Biological organisms and their components are better conceived within categories based on similarity rather than on identity. Biologists routinely operate with similarity-based concepts such as "model organism" and "motif." There has been little exploration of the characteristics of the similarity-based categories that exist in biology. This study uses the case of the discovery and classification of zinc finger proteins to explore how biological categories based in similarity are represented.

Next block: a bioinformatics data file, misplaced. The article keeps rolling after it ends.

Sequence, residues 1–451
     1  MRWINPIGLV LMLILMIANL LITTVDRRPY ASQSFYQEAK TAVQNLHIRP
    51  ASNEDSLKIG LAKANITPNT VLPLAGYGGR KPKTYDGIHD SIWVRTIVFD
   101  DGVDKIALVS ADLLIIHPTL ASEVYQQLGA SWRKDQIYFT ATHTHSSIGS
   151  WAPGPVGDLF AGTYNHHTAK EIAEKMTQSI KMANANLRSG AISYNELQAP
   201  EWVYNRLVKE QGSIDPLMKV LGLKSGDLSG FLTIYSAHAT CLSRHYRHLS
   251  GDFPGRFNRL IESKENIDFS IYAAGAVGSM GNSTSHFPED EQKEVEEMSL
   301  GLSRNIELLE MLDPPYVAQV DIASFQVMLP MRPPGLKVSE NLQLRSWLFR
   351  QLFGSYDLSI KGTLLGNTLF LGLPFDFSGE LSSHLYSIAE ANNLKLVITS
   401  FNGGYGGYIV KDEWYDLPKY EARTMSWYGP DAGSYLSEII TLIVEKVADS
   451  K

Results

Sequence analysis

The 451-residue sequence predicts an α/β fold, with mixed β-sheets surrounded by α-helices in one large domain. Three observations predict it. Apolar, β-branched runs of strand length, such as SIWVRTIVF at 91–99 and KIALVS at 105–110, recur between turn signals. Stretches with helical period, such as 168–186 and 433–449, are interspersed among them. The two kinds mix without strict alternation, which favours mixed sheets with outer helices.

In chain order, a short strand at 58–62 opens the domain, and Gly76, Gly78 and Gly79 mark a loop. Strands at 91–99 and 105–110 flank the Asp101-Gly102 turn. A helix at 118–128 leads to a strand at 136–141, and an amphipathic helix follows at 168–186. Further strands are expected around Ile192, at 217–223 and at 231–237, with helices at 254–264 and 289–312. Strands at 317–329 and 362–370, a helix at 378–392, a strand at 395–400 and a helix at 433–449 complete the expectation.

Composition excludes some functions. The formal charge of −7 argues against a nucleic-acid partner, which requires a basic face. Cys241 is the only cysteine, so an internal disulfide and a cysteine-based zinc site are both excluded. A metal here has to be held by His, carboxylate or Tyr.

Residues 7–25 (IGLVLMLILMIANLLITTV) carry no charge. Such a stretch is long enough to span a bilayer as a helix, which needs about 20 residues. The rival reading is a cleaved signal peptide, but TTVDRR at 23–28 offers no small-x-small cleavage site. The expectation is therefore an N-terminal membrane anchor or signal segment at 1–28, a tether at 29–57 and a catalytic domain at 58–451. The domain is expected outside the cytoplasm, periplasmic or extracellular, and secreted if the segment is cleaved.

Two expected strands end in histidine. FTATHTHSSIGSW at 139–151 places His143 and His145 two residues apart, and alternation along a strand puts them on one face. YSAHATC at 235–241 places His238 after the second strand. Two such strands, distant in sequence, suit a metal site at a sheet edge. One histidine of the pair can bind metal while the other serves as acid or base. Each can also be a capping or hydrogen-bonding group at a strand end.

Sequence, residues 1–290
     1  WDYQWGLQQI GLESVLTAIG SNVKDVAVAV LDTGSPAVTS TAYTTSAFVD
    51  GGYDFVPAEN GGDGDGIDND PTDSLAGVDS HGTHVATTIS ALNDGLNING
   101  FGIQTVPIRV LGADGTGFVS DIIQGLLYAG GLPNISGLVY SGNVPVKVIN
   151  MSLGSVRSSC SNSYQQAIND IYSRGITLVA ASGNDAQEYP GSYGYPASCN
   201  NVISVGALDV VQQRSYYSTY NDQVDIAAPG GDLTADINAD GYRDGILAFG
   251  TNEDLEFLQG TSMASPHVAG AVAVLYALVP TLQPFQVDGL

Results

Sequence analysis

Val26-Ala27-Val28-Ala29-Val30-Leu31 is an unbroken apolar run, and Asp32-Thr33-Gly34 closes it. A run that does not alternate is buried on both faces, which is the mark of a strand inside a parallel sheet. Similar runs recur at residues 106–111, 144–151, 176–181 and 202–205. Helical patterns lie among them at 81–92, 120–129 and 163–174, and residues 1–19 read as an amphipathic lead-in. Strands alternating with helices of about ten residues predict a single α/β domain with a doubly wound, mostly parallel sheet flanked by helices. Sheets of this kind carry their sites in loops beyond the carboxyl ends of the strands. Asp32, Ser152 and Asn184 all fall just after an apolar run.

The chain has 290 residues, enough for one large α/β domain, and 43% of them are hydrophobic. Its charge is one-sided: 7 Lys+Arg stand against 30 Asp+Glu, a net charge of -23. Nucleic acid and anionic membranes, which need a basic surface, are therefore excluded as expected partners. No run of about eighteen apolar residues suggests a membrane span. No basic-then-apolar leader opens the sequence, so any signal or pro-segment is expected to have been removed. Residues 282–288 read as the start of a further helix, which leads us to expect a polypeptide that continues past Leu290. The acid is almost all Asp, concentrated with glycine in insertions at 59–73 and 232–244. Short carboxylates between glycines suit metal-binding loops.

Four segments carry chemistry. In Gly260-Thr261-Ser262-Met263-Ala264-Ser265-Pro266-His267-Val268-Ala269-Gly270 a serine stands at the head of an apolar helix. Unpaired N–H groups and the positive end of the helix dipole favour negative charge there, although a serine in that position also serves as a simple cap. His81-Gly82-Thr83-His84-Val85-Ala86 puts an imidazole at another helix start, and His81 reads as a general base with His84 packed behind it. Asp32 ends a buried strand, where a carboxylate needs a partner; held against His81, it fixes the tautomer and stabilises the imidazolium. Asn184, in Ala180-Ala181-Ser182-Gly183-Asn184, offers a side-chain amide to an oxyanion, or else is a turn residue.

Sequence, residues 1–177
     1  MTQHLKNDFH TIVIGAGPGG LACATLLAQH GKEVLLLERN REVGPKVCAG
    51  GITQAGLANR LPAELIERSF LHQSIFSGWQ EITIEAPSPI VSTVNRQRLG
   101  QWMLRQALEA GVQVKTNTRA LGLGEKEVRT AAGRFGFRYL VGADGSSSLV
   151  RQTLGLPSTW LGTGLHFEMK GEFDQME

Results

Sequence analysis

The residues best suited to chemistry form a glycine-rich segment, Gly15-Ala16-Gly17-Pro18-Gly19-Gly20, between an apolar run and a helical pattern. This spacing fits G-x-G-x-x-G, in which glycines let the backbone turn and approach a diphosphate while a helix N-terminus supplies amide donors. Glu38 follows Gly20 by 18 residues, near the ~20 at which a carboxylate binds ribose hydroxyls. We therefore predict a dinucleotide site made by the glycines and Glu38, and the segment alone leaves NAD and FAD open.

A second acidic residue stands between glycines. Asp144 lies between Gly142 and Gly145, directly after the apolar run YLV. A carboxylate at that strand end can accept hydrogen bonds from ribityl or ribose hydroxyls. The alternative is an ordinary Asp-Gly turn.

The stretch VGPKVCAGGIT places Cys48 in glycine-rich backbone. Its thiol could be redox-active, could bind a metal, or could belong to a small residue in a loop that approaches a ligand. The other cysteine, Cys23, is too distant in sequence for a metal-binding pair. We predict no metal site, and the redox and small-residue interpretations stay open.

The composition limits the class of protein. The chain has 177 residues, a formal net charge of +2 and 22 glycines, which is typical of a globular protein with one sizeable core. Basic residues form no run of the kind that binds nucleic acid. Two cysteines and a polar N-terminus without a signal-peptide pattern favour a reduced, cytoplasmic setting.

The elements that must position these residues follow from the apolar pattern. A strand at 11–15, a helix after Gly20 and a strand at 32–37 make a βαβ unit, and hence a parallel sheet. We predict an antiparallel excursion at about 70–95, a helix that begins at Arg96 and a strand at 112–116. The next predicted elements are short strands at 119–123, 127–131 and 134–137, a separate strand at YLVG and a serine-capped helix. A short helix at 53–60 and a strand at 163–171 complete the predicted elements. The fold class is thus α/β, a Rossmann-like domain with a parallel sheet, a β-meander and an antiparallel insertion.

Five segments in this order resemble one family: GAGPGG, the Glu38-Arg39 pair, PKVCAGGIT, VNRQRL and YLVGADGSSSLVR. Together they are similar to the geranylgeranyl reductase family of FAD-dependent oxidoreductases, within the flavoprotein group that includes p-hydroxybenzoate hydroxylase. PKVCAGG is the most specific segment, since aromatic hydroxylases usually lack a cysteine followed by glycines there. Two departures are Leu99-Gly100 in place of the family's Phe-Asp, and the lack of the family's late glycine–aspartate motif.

The existence of a category of "zinc finger proteins" was based in 1) a lumpy gradient of similarity, 2) a link between function and structure, 3) establishment of a range of appearance across systems and organisms, and 4) an evolutionary locus as a historically based common-ground.